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Iraq eternal conflict – Is this wrong or “well-intended” war?

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Iraq eternal conflict - Is this wrong or "well-intended" war?

Written by Igor Pejic exclusively for SouthFront

Aftermath of 9/11 and the events that followed had been a game changer to many middle eastern societies. The pretext for waging war against terror and all those who help terrorist was undisputed. United States began their crusade against Taliban in order to fight Al Qaeda, but somehow they ended up bombing Iraq in 2003. The thought that an authoritarian regime could have weapons of mass destruction was more than enough to start the war against Iraq, despite having little evidence to sustain those claims. In spite of having complicated relations with the Iraq in the nineties, US war against Sadams regime came a decade later. Ruination of Iraq isn’t conceived solely by the act of bombing, it is much more a product of post war activities (or no activities) in order to make a stable and functioning society.

Deterioration of Iraq started as a war against Iran in the eighties, long history of border disputes finally culminated with this conflict, though it lasted for eight years and resulted in mass casualties (military and civilian) there wasn’t any effort from the global community in order to stop it. On the contrary the US supported Sadam in his territorial claims. Since the Iranian revolution toppled the Shah and implemented anti-west policies, the Iraqi aggression was welcomed by the US. After the war Iraq economy was devastated and the government was in debt (14 billion dollars) to Kuwait. Mistakenly taken US attitude towards Iraq war with Iran, Sadam Hussein invaded Kuwait. Small and rich country ready to be plundered. After this event Iraq was sentenced to another war (Gulf war) and the sanctions from the West which were very harsh on the people of Iraq (half a million children died due to insufficient medical supplies). State secretary at the time Madeleine Albright approved these sanctions stating “I think this is a hard choice, but the price we-think the price is worth it.”

Declaring “War on Terror” any country suspicious enough could be a target of the American crusade. Iraq was no exception. After the invasion in 2003. the sovereignty of Iraq was in the hands of so called “Coalition of the Willing”. Primary goals of this military intervention were to destroy weapons of mass destruction, remove Sadam Hussein from power and bring democracy and prosperity to Iraqi people. It’s not enough to say that something went wrong. The country engulfed by war, poverty and sanctions was subjected to capitalism and free market. Most state jobs were canceled, the military of almost half a million dissolved (which was the sole national non-sectarian institution), and the country was put under occupation since there was no elected government. Anyone can see that these steps are pushing the country to the edge of collapse. So one must ask himself what were the true goals of this war? One option which was bluntly stated by former  Federal Reserve chair Alan Greenspan “everyone knows the Iraq war is largely about oil”, is reasonable since the United States can secure this way their oil assets in Saudi Arabia by destroying any competition which is not under control. The other option is much more sinister. Creating a ruined country with deep sectarian gaps which is in constant turmoil can produce a variety of extremists, terrorists, radicals and other paramilitary organizations that can be later exported to other regions if need be. This “controlled chaos”, relatively unstable, can serve its purpose if there is enough money to sustain it. And thus we come to the occurrence of Islamic State.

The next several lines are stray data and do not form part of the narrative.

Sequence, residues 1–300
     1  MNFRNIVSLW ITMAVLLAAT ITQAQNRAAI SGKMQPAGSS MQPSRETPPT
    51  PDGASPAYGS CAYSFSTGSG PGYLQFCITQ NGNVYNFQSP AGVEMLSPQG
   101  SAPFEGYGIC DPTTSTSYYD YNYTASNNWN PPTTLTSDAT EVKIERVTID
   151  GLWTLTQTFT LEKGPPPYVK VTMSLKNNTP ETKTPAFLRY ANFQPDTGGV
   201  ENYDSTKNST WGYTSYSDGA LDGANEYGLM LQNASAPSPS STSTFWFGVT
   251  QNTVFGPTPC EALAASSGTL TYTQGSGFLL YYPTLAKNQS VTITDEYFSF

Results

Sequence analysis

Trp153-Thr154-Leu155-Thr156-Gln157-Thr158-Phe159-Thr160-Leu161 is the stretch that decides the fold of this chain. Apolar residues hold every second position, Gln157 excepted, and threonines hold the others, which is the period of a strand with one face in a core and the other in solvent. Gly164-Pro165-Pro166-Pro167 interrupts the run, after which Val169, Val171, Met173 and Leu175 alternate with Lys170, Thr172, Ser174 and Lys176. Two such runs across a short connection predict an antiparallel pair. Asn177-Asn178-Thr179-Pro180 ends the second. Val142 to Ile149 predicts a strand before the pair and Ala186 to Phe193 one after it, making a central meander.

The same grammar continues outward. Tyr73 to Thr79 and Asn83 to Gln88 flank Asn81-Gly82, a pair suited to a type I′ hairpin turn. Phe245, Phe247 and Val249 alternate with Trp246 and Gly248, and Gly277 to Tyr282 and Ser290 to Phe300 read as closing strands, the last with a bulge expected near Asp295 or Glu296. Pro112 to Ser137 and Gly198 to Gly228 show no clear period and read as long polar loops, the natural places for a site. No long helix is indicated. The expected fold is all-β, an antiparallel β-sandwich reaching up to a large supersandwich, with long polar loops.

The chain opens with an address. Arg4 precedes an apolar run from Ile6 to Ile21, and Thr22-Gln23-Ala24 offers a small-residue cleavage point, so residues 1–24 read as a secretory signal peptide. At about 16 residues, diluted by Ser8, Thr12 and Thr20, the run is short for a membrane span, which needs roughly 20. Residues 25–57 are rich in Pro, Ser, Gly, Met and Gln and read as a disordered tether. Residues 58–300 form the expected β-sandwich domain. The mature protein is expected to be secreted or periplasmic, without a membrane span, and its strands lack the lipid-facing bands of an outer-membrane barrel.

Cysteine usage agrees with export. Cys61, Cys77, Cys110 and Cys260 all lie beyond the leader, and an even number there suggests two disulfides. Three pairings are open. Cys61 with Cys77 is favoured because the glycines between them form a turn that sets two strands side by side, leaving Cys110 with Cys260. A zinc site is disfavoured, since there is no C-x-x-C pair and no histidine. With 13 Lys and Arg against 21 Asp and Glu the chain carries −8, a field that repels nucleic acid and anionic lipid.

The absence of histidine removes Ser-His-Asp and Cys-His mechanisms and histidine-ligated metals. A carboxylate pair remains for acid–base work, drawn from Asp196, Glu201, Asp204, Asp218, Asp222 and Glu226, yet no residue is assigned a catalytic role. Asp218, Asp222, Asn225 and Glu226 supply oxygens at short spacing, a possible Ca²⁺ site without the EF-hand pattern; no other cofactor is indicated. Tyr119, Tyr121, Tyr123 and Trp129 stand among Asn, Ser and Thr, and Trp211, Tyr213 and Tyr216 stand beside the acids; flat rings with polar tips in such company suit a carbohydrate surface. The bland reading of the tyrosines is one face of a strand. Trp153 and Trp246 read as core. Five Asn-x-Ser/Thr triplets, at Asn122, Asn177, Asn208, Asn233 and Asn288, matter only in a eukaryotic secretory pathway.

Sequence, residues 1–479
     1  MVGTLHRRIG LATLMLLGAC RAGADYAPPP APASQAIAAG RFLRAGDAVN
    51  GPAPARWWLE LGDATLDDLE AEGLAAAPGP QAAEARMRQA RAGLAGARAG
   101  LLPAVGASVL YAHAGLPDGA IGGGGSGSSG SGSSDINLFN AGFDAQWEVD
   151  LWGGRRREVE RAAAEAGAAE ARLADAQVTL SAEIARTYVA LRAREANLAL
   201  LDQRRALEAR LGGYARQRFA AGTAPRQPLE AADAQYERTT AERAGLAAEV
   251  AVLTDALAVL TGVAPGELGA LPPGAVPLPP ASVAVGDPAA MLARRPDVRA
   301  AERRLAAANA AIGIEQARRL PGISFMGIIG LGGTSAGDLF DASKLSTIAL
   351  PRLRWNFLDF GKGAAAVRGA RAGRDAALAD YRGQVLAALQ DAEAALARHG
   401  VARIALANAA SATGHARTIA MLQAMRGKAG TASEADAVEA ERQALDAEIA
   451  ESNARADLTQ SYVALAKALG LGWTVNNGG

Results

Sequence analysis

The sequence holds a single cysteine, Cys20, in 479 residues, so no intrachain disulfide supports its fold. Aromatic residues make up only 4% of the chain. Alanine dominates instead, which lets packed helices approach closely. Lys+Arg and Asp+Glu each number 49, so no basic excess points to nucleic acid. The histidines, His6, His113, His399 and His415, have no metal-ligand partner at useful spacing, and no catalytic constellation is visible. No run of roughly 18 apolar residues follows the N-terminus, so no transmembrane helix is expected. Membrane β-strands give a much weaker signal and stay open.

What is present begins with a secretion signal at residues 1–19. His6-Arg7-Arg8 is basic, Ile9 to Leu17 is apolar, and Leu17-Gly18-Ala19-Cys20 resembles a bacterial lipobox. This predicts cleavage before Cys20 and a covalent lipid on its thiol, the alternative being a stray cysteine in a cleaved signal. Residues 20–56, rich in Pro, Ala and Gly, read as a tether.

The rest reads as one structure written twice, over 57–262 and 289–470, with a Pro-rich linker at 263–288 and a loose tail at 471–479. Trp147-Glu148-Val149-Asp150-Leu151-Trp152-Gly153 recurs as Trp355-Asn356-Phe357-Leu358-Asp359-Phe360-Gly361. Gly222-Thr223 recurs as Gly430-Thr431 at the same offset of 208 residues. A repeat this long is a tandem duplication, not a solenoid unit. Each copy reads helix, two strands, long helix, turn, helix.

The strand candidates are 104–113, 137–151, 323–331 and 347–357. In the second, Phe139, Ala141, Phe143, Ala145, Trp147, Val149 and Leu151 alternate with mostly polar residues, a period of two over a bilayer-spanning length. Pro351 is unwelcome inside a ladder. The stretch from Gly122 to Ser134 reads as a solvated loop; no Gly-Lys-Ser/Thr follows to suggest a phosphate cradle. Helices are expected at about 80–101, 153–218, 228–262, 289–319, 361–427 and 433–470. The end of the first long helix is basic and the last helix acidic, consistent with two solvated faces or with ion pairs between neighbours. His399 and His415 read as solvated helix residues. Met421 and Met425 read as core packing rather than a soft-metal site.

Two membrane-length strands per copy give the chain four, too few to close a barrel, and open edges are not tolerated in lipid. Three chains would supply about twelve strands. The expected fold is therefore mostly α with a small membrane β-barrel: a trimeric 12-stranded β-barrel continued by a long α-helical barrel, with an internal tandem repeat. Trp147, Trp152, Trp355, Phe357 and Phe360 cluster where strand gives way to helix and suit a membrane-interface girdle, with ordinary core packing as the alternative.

With the American occupation of Iraq, sectarian divides were getting more intense. Destruction of Iraqi military many officers and soldiers saw their new role in various paramilitary organizations, some of them Sunni and others Shia orientated. Amid chaos Al-Qaeda sprung into existence in 2004. after the fall of Sadams regime. Ten years later Islamic State is reaping what US intervention sow, long occupation and degradation of Iraq was a fertile place for training and arming new generation of jihadists. Spreading like a forest fire Islamic State managed to conquer west parts of Iraq and large parts of Syria, which is already facing a difficult situation battling other groups of extremists. Such event is unprecedented in modern history, yet no regional power like Turkey or Saudi Arabia haven’t made any efforts or show any concerns towards this problem. The policy was still set in stone, president Assad is the only true threat.

The Heartland theory (Sir Halford Mackinder) could shed some light on the current situation in the Middle East. Although it dates to 1904 this theory shows how countries like Iraq, Syria and Iran are important in a geostrategic way. Destabilizing these states creates a clear path to central Asia and countries like Kazakhstan, Turkmenistan, Uzbekistan etc. Not only this region provides vast amounts of resources but it also makes a good position for potential military bases towards China and southern Russia. From this standpoint it is clearer who profits by sustaining this “controlled chaos” in Iraq and Syria.

For the last twenty five years there was no suitable solution for Iraq. US interventions, sanctions and finally occupation of Iraq led this country to present situation. Ruined Iraqi society cannot hope for foreign aid, especially of western countries, since that opposes their interests in the region. Though retribution in form of migrants, refugees, mercenaries, former radicals and extremists threatens to pull Europe apart. Such is the price of alliance with Pax Americana.

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